65 10.0 g of Chemical A are reacted with 10.0 g of B Example10.0 g of Chemical A are reacted with 10.0 g of BA + 3B 2CChoose the least number of moles of product formed as limiting reactant: B is limiting
66 10.0 g of Chemical A are reacted with 10.0 g of B Example10.0 g of Chemical A are reacted with 10.0 g of BA + 3B 2C3) Convert moles of C to grams of C using the molar mass
67 shortcut to limiting reactant How do we determine quickly which reactant is limitingand by deduction, which is in excess?Three step programCalculate the number of moles of each reactantdivide the number of moles of each reactant by its coefficient from the balanced equationthe reactant with the smaller result is limiting
68 If 56 g of K is reacted with 56 g of oxygen gas according to the equation below, indicate the mass of product that can be made and identify the limiting reactant K(s) + O2(g) 2 K2O(s)K2O = 94.2g/mol67g K2O; K is the limiting reactant.270 g K2O; K is the limiting reactant.270 g K2O; O2 is the limiting reactant.67g K2O; O2 is the limiting reactant.
69 Theoretical vs actual yield Theoretical YieldThe maximum amount of a given product that can be formed once a limiting reactant has been completely consumed – it is a calculationActual yieldThe amount of product that is actually produced in a reaction – it is a measurementIt is usually less than the maximum expected (theoretical yield)
70 FYITheoretical yield is found by using the amount of limiting reactant calculated in a mass-to-mass calculationFor the chemist in the lab, the actual yield is found by weighing the amount of product obtained
71 Theoretical Yield Actual yield For our auto mechanic, the theoretical yield is 8 finished carsActual yieldIf one car body was damaged beyond repair, the actual yield would have been 7 finished cars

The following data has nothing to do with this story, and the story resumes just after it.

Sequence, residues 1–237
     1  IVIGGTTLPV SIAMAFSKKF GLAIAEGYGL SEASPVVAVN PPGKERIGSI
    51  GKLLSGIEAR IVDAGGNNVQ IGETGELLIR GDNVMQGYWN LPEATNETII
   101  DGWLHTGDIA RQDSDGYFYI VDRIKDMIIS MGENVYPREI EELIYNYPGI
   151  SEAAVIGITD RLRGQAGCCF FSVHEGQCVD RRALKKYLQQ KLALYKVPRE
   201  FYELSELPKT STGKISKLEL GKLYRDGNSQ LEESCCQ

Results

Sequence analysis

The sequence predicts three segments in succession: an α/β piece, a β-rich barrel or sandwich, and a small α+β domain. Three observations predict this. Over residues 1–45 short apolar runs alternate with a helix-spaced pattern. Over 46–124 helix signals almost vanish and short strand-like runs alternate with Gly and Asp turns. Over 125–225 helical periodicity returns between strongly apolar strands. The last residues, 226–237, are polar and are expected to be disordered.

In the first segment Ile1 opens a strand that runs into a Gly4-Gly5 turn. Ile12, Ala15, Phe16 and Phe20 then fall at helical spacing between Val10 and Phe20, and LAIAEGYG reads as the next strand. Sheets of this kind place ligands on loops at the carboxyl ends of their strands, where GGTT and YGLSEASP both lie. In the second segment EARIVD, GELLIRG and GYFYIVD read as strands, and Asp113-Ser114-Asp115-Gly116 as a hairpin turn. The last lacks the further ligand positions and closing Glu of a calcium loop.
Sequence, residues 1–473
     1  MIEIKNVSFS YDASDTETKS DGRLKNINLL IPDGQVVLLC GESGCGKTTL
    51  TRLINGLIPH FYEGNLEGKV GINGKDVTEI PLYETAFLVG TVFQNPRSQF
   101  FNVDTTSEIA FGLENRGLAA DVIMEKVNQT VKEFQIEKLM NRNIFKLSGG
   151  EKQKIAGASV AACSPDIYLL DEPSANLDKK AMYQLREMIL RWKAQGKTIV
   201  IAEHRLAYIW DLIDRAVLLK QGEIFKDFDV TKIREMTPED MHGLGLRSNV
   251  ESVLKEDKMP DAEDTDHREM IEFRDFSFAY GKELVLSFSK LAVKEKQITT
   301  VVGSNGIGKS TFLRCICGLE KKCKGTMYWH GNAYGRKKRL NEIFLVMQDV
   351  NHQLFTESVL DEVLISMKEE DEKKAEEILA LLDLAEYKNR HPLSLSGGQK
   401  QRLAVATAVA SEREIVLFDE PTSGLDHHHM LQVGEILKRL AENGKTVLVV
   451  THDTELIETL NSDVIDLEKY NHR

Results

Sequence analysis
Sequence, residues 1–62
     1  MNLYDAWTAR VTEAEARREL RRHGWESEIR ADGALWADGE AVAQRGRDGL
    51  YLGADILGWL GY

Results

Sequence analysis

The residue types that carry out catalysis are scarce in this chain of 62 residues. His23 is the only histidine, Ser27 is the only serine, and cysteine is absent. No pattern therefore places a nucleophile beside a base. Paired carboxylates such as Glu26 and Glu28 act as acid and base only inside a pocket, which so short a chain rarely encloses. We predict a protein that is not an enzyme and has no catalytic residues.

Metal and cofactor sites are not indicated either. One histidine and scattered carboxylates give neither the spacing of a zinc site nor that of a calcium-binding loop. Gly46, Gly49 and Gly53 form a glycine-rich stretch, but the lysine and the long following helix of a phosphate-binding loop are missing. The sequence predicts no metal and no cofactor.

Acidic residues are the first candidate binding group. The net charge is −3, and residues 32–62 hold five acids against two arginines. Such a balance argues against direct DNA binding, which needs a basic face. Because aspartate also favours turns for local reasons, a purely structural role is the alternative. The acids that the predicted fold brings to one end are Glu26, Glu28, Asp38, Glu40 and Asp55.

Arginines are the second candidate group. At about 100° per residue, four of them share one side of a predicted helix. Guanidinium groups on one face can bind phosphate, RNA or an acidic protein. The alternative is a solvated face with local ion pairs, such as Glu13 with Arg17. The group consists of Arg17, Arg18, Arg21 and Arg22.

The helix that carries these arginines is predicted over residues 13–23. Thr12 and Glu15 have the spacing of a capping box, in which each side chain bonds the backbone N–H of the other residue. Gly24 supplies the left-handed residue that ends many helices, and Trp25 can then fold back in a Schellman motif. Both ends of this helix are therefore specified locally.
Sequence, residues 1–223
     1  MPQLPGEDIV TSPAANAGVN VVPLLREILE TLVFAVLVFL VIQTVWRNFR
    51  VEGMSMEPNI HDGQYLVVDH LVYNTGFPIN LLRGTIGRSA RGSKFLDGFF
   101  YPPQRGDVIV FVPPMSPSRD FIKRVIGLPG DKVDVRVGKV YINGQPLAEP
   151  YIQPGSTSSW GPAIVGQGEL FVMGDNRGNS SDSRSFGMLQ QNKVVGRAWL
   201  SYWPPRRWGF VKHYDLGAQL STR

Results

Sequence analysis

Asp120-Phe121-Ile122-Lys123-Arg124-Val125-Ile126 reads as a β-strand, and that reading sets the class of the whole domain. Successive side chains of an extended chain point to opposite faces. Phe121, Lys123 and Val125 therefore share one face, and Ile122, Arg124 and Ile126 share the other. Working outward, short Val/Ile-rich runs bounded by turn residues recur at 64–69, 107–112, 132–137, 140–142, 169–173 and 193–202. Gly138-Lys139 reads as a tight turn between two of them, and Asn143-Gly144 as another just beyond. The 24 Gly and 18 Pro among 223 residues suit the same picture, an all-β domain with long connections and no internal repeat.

72 Percent yield is the percent of the theoretical yield actually obtained from a chemical reaction For our car mechanic:
73 WORKED EXAMPLE 6.8 Percent Yield The combustion of acetylene gas (C2H2) produces carbon dioxide and water as indicated in the following reaction 2 C2H2 (g) + 5 O2 (g) → 4 CO2 (g) + 2 H2O (g) When 26.0 g of acetylene is burned in sufficient oxygen for complete reaction, the theoretical yield of CO2 is 88.0 g Calculate the percent yield for this reaction if the actual yield is only 72.4 g CO2 Analysis—The percent yield is calculated by dividing the actual yield by the theoretical yield and multiplying by 100
75 WORKED EXAMPLE 6.9 Mass to Mole Conversions: Limiting Reagent and Theoretical Yield The element boron is produced commercially by the reaction of boric oxide with magnesium at high temperature. B2O3 (l) + 3 Mg (s) → 2 B (s) + 3 MgO (s) What is the theoretical yield of boron when 2350 g of boric oxide is reacted with 3580 g of magnesium? The molar masses of boric oxide and magnesium are 69.6 g/mol and 24.3 g/mol, respectively
76 WORKED EXAMPLE 6.9 Mass to Mole Conversions: Limiting Reagent and Theoretical Yield (Continued)
77 If 28. 56 g of K2O is produced when 25 If g of K2O is produced when g K is reacted according to the following equation, what is the percent yield of the reaction? K(s) + O2(g) 2 K2O(s)87.54%95%94.82%88%
79 What is the mole, and why is it useful in chemistry? A mole refers to Avogadro’s number × 1023 formula units of a substance.One mole of any substance has a mass (a molar mass) equal to the molecular or formula weight of the substance in grams.Because equal numbers of moles contain equal numbers of formula units, molar masses act as conversion factors between numbers of molecules and masses in grams.
80 How are molar quantities and mass quantities related? The coefficients in a balanced chemical equation represent the numbers of moles of reactants and products in a reaction.The ratios of coefficients act as mole ratios that relate amounts of reactants and/or products.By using molar masses and mole ratios in factor-label calculations, unknown masses or molar amounts can be found from known masses or molar amounts.
81 What are the limiting reagent, theoretical yield, and percent yield of a reaction? The limiting reagent is the reactant that runs out first.The theoretical yield is the amount of product that would be formed based on the amount of the limiting reagent.The actual yield of a reaction is the amount of product obtained.The percent yield is the amount of product obtained divided by the amount theoretically possible and multiplied by 100%.
82 The official name for what we are doing is Stoichiometry